He also appeared in representative Cricket for Ulster and Stanley Cochrane's Woodbrook XI. His best match in such outings was for Woodbrook against the 1911 All India touring team, the first to play first class cricket in England. They easily overcame Ulster, with Willie recording a rare double failure, and then he travelled with them to the Woodbrook game. In the first innings, in the middle order, he top scored with an elegant 72. Added to George Morrow's stylish second innings hundred, this ensured a 35 run victory.

His final such game was a first class one v the 1912 South Africans. He failed with the bat, he was far from alone, but removed the great Herbie Taylor twice for single figures in his opening spells, also accounting for top order batsman LA Stricker in the first innings.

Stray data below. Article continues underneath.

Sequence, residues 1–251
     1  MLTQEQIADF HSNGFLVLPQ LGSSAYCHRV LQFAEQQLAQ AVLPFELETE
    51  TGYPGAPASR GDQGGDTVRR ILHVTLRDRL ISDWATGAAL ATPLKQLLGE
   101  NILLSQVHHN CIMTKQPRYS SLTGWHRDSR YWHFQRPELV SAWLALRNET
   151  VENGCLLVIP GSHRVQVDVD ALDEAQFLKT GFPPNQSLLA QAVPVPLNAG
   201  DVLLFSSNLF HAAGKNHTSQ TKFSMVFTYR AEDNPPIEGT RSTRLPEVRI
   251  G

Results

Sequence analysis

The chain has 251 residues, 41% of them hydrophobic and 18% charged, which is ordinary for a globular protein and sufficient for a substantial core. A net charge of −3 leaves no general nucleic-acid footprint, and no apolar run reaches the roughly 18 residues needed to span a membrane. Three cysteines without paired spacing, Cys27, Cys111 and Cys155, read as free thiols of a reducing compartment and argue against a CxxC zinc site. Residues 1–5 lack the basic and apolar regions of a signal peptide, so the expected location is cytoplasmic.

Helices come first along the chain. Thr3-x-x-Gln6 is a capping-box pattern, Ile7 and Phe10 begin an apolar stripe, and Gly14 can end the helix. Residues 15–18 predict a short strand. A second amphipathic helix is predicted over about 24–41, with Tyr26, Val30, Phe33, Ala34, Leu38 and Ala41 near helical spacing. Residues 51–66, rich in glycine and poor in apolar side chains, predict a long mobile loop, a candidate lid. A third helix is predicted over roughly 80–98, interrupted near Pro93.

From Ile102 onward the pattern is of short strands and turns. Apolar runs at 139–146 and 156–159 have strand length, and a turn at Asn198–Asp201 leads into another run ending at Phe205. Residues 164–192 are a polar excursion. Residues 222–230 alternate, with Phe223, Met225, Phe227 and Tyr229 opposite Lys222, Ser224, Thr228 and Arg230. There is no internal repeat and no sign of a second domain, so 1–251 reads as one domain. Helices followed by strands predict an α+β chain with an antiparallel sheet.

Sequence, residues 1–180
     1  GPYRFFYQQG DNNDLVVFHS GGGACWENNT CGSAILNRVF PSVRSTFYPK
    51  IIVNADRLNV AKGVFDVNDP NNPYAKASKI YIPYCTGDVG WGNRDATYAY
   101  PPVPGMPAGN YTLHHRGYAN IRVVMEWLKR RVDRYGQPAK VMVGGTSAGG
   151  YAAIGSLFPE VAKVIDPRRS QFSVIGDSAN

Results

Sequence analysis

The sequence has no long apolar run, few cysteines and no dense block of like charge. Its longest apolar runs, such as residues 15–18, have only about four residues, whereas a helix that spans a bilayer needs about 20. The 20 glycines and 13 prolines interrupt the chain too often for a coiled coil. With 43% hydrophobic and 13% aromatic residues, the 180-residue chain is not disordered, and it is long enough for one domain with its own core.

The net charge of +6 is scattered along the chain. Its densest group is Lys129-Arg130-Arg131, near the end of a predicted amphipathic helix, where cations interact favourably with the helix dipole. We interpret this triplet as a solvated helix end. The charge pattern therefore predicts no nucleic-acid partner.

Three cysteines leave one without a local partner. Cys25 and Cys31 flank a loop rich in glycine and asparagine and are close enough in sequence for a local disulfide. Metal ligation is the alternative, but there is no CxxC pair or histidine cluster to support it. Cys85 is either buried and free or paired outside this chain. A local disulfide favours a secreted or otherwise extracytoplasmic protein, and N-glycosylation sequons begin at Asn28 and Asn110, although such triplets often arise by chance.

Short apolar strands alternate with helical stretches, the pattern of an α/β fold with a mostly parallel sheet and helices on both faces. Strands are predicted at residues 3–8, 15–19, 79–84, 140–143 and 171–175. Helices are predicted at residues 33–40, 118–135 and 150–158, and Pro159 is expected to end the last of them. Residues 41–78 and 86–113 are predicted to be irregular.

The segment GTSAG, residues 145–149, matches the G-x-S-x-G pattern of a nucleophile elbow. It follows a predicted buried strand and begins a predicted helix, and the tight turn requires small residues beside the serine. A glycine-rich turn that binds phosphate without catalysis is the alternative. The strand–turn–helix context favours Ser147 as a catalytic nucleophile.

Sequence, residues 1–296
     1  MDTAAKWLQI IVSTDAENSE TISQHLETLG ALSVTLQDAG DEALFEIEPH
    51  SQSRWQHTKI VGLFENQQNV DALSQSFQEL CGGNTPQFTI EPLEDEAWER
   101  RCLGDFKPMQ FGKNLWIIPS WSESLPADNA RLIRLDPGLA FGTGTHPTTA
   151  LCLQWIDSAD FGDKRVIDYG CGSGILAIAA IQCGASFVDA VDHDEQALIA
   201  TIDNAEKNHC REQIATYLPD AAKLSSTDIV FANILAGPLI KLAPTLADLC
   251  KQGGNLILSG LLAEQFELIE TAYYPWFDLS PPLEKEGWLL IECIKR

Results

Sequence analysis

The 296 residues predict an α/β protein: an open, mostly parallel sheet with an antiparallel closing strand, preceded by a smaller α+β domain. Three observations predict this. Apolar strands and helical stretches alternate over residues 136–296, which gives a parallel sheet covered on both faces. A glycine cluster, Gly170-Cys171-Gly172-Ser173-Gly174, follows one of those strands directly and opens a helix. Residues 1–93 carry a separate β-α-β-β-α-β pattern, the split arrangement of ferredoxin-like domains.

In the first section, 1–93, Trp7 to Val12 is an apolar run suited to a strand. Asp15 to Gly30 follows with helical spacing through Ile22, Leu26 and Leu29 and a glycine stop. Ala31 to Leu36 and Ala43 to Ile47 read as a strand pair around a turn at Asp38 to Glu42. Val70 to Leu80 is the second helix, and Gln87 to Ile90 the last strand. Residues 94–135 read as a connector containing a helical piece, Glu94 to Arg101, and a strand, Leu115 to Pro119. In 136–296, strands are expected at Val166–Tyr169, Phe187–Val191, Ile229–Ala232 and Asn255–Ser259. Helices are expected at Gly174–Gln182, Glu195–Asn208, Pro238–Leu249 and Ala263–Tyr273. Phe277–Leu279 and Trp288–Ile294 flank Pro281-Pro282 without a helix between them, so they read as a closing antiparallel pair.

He was first chosen for Ireland v Yorkshire in 1908 at College Park. Crass fixture organisation, which showed a, possibly deliberate, lack of communication somewhere, meant that this match took place while Ulster and Philadelphia were involved in Belfast. Thus Pollock and Andrews stood down from the national side.

His debut came the following year v Scotland at the North Inch, Perth. Ireland were defeated by an innings, but Pollock and Bob Lambert, both uncharacteristically stone walling, almost saved the game, Willie batting more than 3 hours for 47. Strangely he played only another seven matches for Ireland, war and unavailability, perhaps, preventing him from carving himself an imperishable niche in Ireland's Cricket history.